Heart failure is an illness that cannot be completely cured. Treatment of patients and caregivers with heart failure provides some benefit in terms of improved survival over time. However, no benefit can be achieved until heart failure symptoms are eliminated and the underlying cause of the disease is treated. Current efforts toward treating heart failure cannot currently be seen as a cure.
In the United States there will be more than 1.4 million new cases of HF by 2030, leading to more than 40,000 HF related deaths.
There is ambiguity and confusion about definition, epidemiology, epidemiology, prevalence, symptomatology, pathophysiology, diagnostic testing and evaluation of HF. This confusion is further compounded by the prevalence of multiple subtypes of HF. This article tries to resolve some misconceptions and to highlight the limitations of using definitions defined by clinical observations rather than biomedical principles in defining HF. One definition is that HF is a syndrome involving signs and symptoms of a heart that is failing.
The primary treatment of heart failure is the optimization of heart failure symptoms and blood pressure, which can be aided by medications. Most individuals with severe disease will benefit from medications to control high blood pressure and to control heart valve issues. Newer medications are available, but current evidence suggests that they may not be as effective. The prognosis is not optimistic for a substantial number of individuals with heart failure. Many will develop the symptom of heart failure over a period of many years. The benefits of a device to pace the heart (cardiac resynchronization therapy) and medications for heart failure continue to be debated. Further evidence-based research is needed to determine if these therapies are effective and to identify those who will be most likely to benefit.
There are usually no signs of heart failure until left ventricular ejection fraction drops below 35 % and/or congestive heart failure develops. The signs of heart failure often are a manifestation of the underlying heart disease. Because of this overlap, no single sign or panel should be used for diagnosis of heart failure or as a screening criterion for symptomatic detection of heart failure. A cardiac catheterization should ideally be performed to rule out heart disease and assess for the severity of heart failure.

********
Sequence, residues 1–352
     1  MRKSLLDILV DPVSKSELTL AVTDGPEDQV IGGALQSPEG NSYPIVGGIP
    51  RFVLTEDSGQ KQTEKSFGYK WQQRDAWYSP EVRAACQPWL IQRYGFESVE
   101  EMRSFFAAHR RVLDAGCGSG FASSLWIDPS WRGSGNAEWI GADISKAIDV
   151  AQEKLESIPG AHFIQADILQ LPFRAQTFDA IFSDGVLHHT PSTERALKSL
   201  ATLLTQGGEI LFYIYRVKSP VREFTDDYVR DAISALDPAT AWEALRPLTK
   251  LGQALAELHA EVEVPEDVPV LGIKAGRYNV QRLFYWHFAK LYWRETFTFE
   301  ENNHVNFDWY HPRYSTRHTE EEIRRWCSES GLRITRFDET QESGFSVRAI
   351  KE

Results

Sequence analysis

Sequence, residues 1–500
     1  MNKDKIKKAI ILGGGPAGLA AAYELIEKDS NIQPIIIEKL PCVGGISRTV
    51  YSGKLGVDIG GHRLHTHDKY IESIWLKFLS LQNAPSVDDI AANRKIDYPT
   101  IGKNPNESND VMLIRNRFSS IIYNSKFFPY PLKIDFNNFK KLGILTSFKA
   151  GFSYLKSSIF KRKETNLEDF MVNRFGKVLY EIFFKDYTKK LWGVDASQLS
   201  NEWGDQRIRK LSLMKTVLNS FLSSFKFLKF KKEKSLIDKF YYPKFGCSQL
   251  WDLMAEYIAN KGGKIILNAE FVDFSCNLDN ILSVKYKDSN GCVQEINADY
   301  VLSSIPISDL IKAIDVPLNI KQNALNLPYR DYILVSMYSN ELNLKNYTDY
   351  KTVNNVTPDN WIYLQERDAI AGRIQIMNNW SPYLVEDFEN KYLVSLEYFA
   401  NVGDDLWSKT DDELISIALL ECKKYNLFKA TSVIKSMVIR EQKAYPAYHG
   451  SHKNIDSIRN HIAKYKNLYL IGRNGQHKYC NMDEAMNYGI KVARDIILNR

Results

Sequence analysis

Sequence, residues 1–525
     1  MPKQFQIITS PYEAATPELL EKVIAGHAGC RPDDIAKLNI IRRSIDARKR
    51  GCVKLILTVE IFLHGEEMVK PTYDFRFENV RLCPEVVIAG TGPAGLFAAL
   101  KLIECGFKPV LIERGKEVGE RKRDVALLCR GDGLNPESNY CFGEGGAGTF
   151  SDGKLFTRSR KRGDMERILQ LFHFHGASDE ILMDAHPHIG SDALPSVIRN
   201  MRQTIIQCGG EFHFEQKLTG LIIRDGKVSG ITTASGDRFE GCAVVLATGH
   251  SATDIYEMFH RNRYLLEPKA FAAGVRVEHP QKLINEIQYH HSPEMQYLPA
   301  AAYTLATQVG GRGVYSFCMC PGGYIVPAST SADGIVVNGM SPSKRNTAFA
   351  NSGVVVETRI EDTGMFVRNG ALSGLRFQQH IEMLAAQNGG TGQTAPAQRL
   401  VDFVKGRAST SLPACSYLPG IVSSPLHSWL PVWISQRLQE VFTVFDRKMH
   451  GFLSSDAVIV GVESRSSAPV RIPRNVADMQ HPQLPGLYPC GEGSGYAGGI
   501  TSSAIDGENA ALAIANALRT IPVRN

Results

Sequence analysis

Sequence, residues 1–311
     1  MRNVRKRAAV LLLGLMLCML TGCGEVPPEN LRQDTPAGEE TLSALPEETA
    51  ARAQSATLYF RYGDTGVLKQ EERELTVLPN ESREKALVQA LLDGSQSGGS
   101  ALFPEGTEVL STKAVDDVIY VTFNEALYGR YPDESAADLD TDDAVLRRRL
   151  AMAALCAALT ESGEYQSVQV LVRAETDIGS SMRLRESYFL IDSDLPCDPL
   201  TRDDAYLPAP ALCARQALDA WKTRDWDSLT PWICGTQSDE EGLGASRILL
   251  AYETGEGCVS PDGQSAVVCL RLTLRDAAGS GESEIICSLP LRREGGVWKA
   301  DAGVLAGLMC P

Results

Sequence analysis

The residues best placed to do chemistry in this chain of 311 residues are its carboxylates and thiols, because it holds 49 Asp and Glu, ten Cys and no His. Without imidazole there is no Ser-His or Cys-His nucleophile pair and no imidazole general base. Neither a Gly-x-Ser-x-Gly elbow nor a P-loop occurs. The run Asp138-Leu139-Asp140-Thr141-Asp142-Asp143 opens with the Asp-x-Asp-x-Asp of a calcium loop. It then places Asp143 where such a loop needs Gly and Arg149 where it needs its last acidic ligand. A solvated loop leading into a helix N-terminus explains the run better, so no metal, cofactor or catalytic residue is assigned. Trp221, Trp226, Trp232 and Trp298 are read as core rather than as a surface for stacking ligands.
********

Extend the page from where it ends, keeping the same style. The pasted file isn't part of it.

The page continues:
Achieving optimal medical management in HF patients has an effect on outcomes. This article highlights the need for a multidisciplinary approach to heart failure management in the elderly.
Exercise training and a regular diet have a significant positive effect on cardiac function or survival. Findings from a recent study shows that treatment has little or no effect on long-term improvement from exercise training in HF patients, which is supported by the results of other studies, while other trials have shown that pharmacological treatment with ACE inhibitors or angiotensin receptor blockers is beneficial in HF sufferers.
There has been a lot of work done to see if there is any improvement in the drugs and the treatments that are used for heart failure, so there is always new developments and new treatments being discovered on a regular basis. There is also the use of heart failure models - Animals and Human Heart Failure models have been developed and are gaining popularity. It is proving to be a practical way to identify new heart failure treatments, but more research will need to be done to determine which drugs will actually work in the real world.
The impact on the patient is considerable and can include a major change in lifestyle which may not be possible for younger patients. It is important, however, to emphasise that the primary role of treatment is to prevent further deterioration and to slow or halt the progression of disease.
Exercise-based lifestyle and medications may be effective in some of the patients with heart failure. We want to encourage them to participate in programs in their areas and take part in this treatment, so that they can regain the power of their hearts.
The treatments with beta blockers, ACE inhibitors and aldosterone antagonists should be evaluated in patients with heart failure who receive cardiac resynchronization therapy (CRT) and other treatment options should be tested, with more studies needed in order to clarify the optimal therapy for patients with heart failure.
While there were limitations with the study, this review highlights several limitations common to many clinical trials evaluating cardioprotective agents. Results from a recent paper of this trial should prompt researchers to evaluate in a larger study the efficacy and effectiveness of N-acetylcysteine in these patients.